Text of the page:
It is important to be aware that people living with Dementia conditions, such as Alzheimer’s, have a greater propensity to fall. This means they are three times more likely to fracture a hip, as falls are the cause of 95% of hip fractures (VeryWell, Medical Health Board, 2018).
The death rate following a hip fracture is known to increase due to the need for surgery and the fact the faller will be immobile for a long time afterward while in recovery. Falls prevention is particularly important for people living with dementia to safeguard their health and quality of life.
To help reduce the propensity of falling it is important to understand the reason whys. There can be many factors such as footwear, rugs, trailing wires or awkward steps. By assessing and acknowledging these factors, the correct preventative measures can be put in place to decrease the regularity of a fall occurring.
During the early stages of Dementia people will react differently in terms of being able to stay active. Some people are in good physical shape and can walk for miles, whereas others can develop difficulties with gait even before the memory problems occur.
Research has shown that adults with Alzheimer’s disease (AD) have gait and balance deficits (J Geriatr Phys Ther, 2015) and this decline can be an early indicator of a decline in cognition. As Alzheimer’s continues to progress into the middle and later stages, it causes a decline in muscle strength, walking, and balance. These aspects, therefore, contribute to the person having a higher propensity to fall.
The National Institute of Aging recommends if someone is having difficulties walking then they may be able to do the following with the help of a caregiver to keep themselves active;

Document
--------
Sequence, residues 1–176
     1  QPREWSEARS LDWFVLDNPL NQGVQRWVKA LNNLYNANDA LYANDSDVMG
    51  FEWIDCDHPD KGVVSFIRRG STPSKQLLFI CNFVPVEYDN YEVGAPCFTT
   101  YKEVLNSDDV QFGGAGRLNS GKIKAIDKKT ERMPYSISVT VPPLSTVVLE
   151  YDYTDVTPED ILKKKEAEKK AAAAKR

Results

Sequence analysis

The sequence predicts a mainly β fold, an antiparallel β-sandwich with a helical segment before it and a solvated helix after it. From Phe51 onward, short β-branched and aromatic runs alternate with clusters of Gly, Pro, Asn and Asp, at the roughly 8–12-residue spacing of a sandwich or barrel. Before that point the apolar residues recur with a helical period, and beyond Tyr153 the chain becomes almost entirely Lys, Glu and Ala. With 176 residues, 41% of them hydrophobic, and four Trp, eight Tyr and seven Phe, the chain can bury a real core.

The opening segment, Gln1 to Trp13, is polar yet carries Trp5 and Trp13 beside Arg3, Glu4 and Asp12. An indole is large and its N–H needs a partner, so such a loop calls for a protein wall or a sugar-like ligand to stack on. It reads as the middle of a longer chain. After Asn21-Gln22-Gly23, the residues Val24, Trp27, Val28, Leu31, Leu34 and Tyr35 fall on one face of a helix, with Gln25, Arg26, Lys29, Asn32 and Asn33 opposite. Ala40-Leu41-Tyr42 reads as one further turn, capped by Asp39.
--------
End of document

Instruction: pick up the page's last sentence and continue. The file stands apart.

Visuospatial abilities can also be affected by the neurological diseases and a person can misinterpret what they see. This can result in misjudging uneven terrain, shiny floors, and steps. It may be a good idea to have the person’s vision checked regularly, as eyesight can decline in the aging process. It’s also a good idea to keep clutter to a minimum because having too much to navigate around can easily turn into trip hazards.
It is also advised to keep an eye on medication side effects, as antipsychotic medications can sometimes cause the side effect of orthostatic hypotension where a person experiences a sudden drop in blood pressure if they were to stand up too quickly.
Other medications, such as hypnotics (medications that facilitate sleep) can also cause lingering drowsiness that can increase the chances of falls. (VeryWell, Medical Health Board, 2018).
These proactive approaches to falls prevention is an important aspect of providing a high standard of care for people living with dementia and Alzheimer’s. By looking at the various causes of falls, it can help to increase awareness and hopefully prevent certain falls from happening in the future.
“Falls prevention is the first line of defense however the reality is not all falls can be prevented. The second line of defense is to prevent long lie times after the fall which lead to serious health complications, which can negatively impact the quality of life for the faller.” (Kate Sheehan, OT Service, 2018)
If there is no evidence of a serious injury, to prevent long lie times from increasing you need to lift the faller off the floor and into a safe and comfortable position, either back into bed or onto a chair.
It’s essential to ensure that you’re using safe moving and handling techniques and appropriate lifting equipment, such as the Camel Lifting Cushion, so you’re not causing injury or strain to your back. Even if the person you are lifting isn’t very heavy, repetitive strain injury (RSI) can still occur without correct lifting procedures in place.
Mangar Health is a member of the Winncare Group